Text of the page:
Several minutes into the movie, she asked, “Wait, are you sure this is about arm wrestling?” The movie takes its time warming up, but once it does, whoa boy. Better stand back.
If you’ve never been exposed to the absurdity of Over the Top, Sylvester Stallone plays Lincoln Hawk, a truck driver who just reunited with the son he walked out on a decade earlier. See, the boy’s mother is dying and although her wealthy father (Robert Loggia) is gunning for custody of his grandson, she wants her boy to be with his father. Long story short: complex emotional conflicts are resolved by arm wrestling. Fuck yeah.
There’s something kind of bizarre about viewing American life through the eyes of Israeli director Menahem Golan, co-founder of The Cannon Group. His interpretation of the country has always been unique, no doubt feeding back into the very culture which inspired him, but here he cranks it up to eleven. Or perhaps “jumps the shark” is more accurate.
Hawk, with his muscular physique and rust bucket of a truck (also his home, which contains one-arm exercise equipment) is supposed to be an everyman. Meanwhile Loggia’s character, who is perfectly justified in his assessment that Hawk is a deadbeat, is portrayed as the villain. I don’t want to spoil it, so skip to the next paragraph if you haven’t seen it yet, but Loggia represents The Man, and he despises his son-in-law because he arm wrestles and drives a truck for a living. Loggia ultimately changes his mind when Stallone proceeds to arm wrestle and drive a truck for a living.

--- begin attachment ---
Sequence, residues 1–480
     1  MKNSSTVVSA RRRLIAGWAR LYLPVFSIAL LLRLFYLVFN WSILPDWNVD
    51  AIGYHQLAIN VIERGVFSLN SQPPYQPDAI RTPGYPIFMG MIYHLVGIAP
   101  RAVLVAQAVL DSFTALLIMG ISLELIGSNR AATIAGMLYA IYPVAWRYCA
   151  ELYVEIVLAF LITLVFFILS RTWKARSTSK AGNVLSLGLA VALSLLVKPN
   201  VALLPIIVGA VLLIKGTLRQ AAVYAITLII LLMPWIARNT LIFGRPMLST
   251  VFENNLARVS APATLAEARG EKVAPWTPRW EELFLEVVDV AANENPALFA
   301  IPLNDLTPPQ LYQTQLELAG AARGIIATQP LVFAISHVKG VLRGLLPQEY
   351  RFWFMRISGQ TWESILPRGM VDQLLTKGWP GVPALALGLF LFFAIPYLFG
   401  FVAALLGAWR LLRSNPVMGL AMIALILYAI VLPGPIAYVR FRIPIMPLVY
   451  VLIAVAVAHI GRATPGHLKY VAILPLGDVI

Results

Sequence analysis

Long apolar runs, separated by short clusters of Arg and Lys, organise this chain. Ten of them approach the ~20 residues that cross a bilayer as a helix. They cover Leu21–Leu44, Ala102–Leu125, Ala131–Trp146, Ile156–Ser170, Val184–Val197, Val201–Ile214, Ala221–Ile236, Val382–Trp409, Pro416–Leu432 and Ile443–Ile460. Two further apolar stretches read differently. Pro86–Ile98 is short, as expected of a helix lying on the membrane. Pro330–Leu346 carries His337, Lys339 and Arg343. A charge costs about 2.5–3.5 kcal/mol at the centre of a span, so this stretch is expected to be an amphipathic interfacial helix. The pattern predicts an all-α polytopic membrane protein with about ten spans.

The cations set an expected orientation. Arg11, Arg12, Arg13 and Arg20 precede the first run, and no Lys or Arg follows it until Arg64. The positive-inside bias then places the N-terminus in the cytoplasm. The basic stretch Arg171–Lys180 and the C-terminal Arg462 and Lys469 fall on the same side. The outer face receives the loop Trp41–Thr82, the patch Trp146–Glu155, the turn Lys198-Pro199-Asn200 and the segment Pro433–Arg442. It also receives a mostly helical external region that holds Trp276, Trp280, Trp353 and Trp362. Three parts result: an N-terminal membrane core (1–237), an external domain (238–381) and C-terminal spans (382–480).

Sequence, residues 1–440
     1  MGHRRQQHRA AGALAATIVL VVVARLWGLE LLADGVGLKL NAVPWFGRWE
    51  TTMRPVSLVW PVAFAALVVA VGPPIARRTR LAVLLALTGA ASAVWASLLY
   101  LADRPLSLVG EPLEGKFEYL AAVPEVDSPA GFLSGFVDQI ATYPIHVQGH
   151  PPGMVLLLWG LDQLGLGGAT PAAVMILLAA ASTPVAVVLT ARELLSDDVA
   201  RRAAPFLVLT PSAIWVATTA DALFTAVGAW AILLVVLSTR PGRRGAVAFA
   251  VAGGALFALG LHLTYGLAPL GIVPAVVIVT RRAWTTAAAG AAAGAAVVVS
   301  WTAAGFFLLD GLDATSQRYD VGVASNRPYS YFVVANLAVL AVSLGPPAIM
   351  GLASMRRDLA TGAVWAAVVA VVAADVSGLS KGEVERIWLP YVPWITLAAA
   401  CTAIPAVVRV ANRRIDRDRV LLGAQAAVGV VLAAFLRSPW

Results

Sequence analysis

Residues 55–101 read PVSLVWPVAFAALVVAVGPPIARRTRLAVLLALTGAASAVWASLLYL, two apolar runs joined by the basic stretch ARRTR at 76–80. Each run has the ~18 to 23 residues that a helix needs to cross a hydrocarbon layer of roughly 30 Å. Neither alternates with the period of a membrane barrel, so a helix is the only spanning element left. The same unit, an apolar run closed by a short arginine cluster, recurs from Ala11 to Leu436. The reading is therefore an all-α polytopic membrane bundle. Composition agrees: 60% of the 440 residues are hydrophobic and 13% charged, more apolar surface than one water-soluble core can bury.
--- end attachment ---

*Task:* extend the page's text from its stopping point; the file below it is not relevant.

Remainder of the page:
Nonetheless, Over the Top is a surprisingly fun ride through the cheesiest depths of the 1980s. This remarkable artifact from my childhood even films its climax during a real life arm wrestling tournament. I know what you’re thinking: Arm wrestling tournaments really existed? Well, sort of. This one was created specifically for the film, and two guys actually got their arms broken. One of the incidents ends up in the final cut during an obligatory sports movie montage.
Over the Top is a lot more entertaining than I remembered. It’s interesting to find out how the usually ball-related cliches in sports movies get translated to a movie about arm wrestling of all things. And in case you’re wondering about the title, it refers to a “special move” Stallone’s character has incorporated into his matches. It’s pretty stupid and I suspect it has no basis in reality, but this movie isn’t filmed in reality, anyway, so what’s the problem?
Warning: When I say this movie’s sappy, I mean embarrassingly sappy.